FIG. 4 illustrates a pressure detector utilized in a computer mouse;
FIG. 5 illustrates a switch utilized in a computer mouse;
FIG. 6 illustrates, in block diagram form, the circuitry of a computer mouse;
FIG. 7 illustrates, in flow chart form, the operations of a microcomputer within a computer mouse;
FIG. 8 illustrates, in block diagram form, the interconnection of a computer mouse in accordance with a second embodiment connection to a personal computer;
FIG. 9 illustrates the circuitry of a computer mouse in accordance with the second embodiment of the invention;
FIG. 10 illustrates a warning message being displayed to an operator on a video display screen;
FIG. 11 illustrates, in flow chart form, the operations performed by a microcomputer within a mouse; and
FIG. 12 illustrates, in flow chart form, the operations performed by a computer in response to pressure information from a mouse.
FIG. 1 illustrates the interconnection of mouse 103 to personal computer 101. FIG. 2 illustrates the top view of a mouse in accordance with the invention. Switches 201 and 202 perform the customary functions on a computer mouse; however, these switches also provide information concerning the amount of pressure being exerted on them. Pressure detectors 203 and 204 are positioned so as to have the force applied by the operator in gripping the mouse applied to these pressure detectors. One skilled in the art could readily see that pressure detectors 203 and 204 could be adapted to different shapes of computer mice, and additional pressure detectors could be utilized. Further, one skilled in the art would also immediately realize that additional switches could be utilized in addition to switches 201 and 202. FIG. 3 illustrates a front view of the computer mouse of computer 2.
FIG. 4 illustrates in greater detail pressure detector 203. Pressure detector 204 is similar in design. Pressure detector cap 402 and pressure detector plunger 407 are physically stabilized by guide pins 404 and 406. Pressure detector plunger 407 is in contact at all times with pressure transducer 403. When a user exerts pressure on pressure detector cap 402, this pressure is transmitted to pressure transducer 403 via pressure detector plunger 407. Pressure transducer 403 may advantageously be a piezo-electric type transducer. Alternatively, a strain gauge or other types of transducer may also be employed.
FIG. 5 illustrates details of switch 201 of FIG. 2. Switch 202 is similar in design. Switch arm 501 is capable of pivoting downward from mouse case 401. As switch 501 pivots downward, switch plunger 502 makes contact with electrodes 507 and electrodes 508. The face of switch plunger 502 making contact with electrodes 507 and 508 is conductive thus completing an electrical circuit between electrodes 507 and 508. The ability of switch plunger 502 to make an electrical circuit between the electrodes performs the switch functions of switch 201.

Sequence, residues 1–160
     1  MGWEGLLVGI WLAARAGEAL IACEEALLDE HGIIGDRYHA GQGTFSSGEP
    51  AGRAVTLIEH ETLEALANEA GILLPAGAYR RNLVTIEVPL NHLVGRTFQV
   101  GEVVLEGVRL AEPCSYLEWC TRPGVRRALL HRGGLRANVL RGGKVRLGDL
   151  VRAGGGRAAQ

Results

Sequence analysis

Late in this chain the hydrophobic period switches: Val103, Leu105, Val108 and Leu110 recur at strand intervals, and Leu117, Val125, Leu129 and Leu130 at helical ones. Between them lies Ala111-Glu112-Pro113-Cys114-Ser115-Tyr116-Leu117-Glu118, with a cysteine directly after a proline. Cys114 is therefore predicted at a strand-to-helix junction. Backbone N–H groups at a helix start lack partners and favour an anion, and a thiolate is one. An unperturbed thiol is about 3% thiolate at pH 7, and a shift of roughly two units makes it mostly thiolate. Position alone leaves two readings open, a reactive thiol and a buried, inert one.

Electrodes 507 and 508 are mounted on flexible membrane 506 and connections to these electrodes are made via paths on flexible membrane 506. Note that there are no wires illustrated as leaving the apparatus of FIG. 5 but that this would be obvious to one skilled in the art. As switch plunger 502 makes contact with electrodes 507 and 508, flexible membrane 506 transmits that force from switch plunger 502 onto pressure transducer 504. Pressure transducer 504 is similar to pressure transducer 403.
FIG. 6 illustrates the electrical circuitry of the computer mouse of FIG. 2. The standard functions of a computer mouse are implemented by movement detection and switch detection circuit 609. Block 609 transmits the normal functional signals to personal computer 101 of FIG. 1 via serial link 104. The function of detecting pressure and determining when this pressure is excessive is performed by the remainder of the circuitry illustrated on FIG. 6. Microcomputer 603 is continuously scanning the pressure applied to the pressure transducers of switches 201 and 202 and the pressure transducers of detectors 203 and 204. Microcomputer 603 performs this scanning function by selecting the output of a pressure transducer by transmission of an address on bus 611 to multiplexor 601. Multiplexor 601 is responsive to the address to select the output analog signal of the addressed pressure transducer and transmit this analog signal to amplifier 606. A/D converter 602 is responsive to the output from amplifier 606 to convert the analog signal to a digital value and to transmits this digital value to microcomputer 603 via bus 608. Microcomputer 603 analyzes each digital value to determine the pressure and generates an audio sound via sound transducer 604 if the pressure exceeds a predefined value for a particular pressure transducer. The predefined pressure is advantageously a pressure of 100 grams. Advantageously, one skilled in the art would readily see that under certain circumstances it would be desirable to add the pressures applied to detectors 203 and 204 in order to calculate the total pressure that the operator is utilizing to grip the computer mouse.